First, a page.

What started off as a modified farm tractor, the bulldozer rapidly became one of the most useful pieces of equipment with excavating and construction. A bulldozer is an extremely powerful tractor equipped with a large blade, used to push hefty amounts of material such as soil, sand, rubble, etc. during construction work. A dozer’s tracks give them tremendous ground holding ability and agility through very jagged terrain. With great ground holding capabilities and a torque divider intended to convert the power of the engine into dragging ability, bulldozers are able to use their own weight to push dense objects and remove things from the ground. As the heart and the soul of the bulldozer, the blade peels layers of soil and pushes it forward as the tractor advances.

Use of Bulldozers                                                                                                              

  • Agriculture

    • Backfill around buildings and foundations

    • Create runoff grades for crops and animal pens

    • Level, pile or grade dirt, gravel or snow

      • Popular attachments for agricultural use

        • Buckets

        • Augers

        • Backhoes

        • Brush Cutters

        • Landscape Tillers

        • Mulchers

        • Snow Plows

        • Stump Grinders

  • Construction

    • Shift, pile, and clear tons of refuse and debris in preparation for building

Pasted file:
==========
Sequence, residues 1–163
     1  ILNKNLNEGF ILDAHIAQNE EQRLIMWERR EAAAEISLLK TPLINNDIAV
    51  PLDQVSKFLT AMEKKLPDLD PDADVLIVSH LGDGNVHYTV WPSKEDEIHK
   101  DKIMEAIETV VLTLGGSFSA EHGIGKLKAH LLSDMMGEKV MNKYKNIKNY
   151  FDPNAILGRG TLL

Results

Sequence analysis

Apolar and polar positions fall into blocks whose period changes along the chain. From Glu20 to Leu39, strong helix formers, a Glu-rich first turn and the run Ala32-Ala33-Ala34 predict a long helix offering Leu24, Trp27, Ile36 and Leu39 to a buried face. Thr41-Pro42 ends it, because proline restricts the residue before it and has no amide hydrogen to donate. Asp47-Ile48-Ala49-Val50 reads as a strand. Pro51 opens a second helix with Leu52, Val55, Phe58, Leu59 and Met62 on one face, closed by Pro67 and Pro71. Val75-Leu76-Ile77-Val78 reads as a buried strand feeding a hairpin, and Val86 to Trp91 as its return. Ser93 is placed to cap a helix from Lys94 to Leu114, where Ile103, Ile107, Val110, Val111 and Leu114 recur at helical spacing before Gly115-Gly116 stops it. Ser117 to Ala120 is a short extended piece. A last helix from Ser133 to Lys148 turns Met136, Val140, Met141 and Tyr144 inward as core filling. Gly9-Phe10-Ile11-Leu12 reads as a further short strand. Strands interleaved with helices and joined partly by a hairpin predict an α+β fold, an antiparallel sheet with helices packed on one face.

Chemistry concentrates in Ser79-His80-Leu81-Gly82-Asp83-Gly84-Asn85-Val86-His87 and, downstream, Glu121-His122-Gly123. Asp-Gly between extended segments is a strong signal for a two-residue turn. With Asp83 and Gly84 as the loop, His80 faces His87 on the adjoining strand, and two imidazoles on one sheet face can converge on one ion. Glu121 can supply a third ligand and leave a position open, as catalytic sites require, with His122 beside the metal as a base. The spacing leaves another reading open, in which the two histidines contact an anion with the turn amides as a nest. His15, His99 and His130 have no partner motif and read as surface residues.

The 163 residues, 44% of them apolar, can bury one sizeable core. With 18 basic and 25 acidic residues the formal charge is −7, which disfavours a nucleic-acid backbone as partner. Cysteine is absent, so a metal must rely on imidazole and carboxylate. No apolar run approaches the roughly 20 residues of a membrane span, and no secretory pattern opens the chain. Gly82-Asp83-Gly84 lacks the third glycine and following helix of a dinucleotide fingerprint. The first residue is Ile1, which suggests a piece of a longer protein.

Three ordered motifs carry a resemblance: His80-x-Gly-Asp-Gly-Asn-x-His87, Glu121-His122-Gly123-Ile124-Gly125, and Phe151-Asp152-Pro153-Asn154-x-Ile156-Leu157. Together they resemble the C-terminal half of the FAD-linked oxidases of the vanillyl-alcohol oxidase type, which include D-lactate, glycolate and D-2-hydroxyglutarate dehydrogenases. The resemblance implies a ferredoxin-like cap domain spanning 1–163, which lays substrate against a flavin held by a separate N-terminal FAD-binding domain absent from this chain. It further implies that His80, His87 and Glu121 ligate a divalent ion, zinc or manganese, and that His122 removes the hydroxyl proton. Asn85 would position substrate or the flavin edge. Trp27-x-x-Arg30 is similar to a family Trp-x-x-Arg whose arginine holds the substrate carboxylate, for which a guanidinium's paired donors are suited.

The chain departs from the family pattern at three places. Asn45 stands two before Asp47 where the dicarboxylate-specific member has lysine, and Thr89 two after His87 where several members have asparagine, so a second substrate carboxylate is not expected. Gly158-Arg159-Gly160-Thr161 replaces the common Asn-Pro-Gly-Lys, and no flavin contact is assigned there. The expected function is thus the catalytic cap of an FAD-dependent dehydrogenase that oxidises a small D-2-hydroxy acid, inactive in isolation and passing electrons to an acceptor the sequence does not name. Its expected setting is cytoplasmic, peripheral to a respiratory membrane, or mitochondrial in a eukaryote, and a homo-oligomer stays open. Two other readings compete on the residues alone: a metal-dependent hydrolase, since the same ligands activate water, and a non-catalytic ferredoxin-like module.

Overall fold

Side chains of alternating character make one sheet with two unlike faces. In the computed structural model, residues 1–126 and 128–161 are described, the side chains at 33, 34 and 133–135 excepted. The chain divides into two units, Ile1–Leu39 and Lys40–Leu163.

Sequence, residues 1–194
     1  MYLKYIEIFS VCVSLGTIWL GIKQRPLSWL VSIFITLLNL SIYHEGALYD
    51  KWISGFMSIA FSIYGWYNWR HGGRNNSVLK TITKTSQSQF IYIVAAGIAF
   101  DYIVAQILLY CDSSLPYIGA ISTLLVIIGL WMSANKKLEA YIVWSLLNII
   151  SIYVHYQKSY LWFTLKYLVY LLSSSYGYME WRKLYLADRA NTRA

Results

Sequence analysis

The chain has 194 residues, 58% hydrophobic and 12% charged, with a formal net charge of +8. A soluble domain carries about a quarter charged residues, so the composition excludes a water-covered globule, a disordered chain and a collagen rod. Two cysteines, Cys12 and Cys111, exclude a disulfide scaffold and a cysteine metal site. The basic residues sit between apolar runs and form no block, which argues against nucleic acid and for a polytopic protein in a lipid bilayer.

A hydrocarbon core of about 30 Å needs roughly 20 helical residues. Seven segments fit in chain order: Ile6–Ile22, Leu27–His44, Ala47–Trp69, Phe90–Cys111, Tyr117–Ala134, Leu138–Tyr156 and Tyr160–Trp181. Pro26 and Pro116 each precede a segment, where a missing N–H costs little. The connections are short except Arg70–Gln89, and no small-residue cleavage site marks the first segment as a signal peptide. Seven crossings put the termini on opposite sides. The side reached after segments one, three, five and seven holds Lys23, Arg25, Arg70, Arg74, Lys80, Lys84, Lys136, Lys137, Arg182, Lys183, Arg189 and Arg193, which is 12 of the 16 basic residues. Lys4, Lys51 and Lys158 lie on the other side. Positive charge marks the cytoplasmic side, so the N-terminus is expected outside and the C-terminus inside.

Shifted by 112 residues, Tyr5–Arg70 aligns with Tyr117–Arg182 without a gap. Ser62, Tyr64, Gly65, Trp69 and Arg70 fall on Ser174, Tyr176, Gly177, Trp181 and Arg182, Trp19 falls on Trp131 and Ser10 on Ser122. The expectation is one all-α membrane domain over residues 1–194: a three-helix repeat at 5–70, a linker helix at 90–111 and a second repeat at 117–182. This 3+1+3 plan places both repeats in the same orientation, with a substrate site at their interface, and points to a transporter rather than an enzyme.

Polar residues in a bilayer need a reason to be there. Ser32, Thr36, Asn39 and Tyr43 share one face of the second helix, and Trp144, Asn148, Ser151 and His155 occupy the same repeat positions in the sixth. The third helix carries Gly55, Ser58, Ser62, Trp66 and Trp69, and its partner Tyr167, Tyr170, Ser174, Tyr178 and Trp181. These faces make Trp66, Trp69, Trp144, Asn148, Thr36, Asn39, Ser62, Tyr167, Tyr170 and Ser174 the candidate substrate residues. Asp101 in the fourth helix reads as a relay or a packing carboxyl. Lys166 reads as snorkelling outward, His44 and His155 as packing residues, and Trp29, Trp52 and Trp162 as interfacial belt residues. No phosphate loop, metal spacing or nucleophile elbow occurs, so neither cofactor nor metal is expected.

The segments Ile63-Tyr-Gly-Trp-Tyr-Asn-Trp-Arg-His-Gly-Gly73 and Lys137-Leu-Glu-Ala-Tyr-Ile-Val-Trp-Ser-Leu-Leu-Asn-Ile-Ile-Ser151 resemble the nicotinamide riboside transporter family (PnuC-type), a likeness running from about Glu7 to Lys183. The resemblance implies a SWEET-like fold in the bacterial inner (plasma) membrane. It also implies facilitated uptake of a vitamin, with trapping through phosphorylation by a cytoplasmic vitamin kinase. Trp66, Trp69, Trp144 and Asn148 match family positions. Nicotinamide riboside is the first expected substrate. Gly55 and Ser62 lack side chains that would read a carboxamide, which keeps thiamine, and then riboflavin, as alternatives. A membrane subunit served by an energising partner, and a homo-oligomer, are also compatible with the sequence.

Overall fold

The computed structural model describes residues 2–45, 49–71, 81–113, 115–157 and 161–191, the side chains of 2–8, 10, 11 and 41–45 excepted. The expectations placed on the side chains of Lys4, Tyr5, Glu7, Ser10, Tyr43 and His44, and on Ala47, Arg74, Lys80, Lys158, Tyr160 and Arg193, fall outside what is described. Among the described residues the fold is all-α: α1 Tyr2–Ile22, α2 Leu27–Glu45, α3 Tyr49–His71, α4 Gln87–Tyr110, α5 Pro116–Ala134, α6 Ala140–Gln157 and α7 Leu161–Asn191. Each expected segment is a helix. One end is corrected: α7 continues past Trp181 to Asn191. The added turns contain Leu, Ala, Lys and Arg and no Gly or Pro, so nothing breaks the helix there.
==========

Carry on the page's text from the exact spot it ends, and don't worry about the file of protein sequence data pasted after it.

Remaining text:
• Loading

    • Grabbing

    • Excavating

    • Backfilling

    • Grading

    • Sweeping

      • Popular attachments for construction use

        • Buckets

        • Augers

        • Cold Planers

        • Forks

        • Hammers

        • Trenchers

        • Vibratory Compactors

        • Wheel Saws

  • Landscaping

    • Cut Brush

    • Grind Stumps

    • Grading

    • Sweeping

      • Popular attachments for landscaping use

        • Buckets

        • Augers

        • Backhoes

        • Landscape Tillers

        • Material Handling Arms

        • Mulchers

        • Rakes

        • Shears

        • Stump Grinders

        • Trenchers

Types of Bulldozers

  • Crawler

    • The crawler bulldozer looks like a tractor and is used for pushing sand and any other heavy materials from one place to another. Being a tracked vehicle, the crawler does not have any tires. Larger crawlers typically have a ripper installed at its rear end, making its coarse plate ideal in irregular fields.

  • Wheeled

    • Much larger than the crawler, this bulldozer is one that is used mostly in various construction plans such as stadiums and water parks. Its large, heavy tires allow for a superb, highly efficient performance. The wheel bulldozer has a fully articulated hydraulic steering which makes it easy and flexible to maneuver, permitting the bulldozer to move on a small axis unlike the crawler.

Types of Blades

  • Angle Blade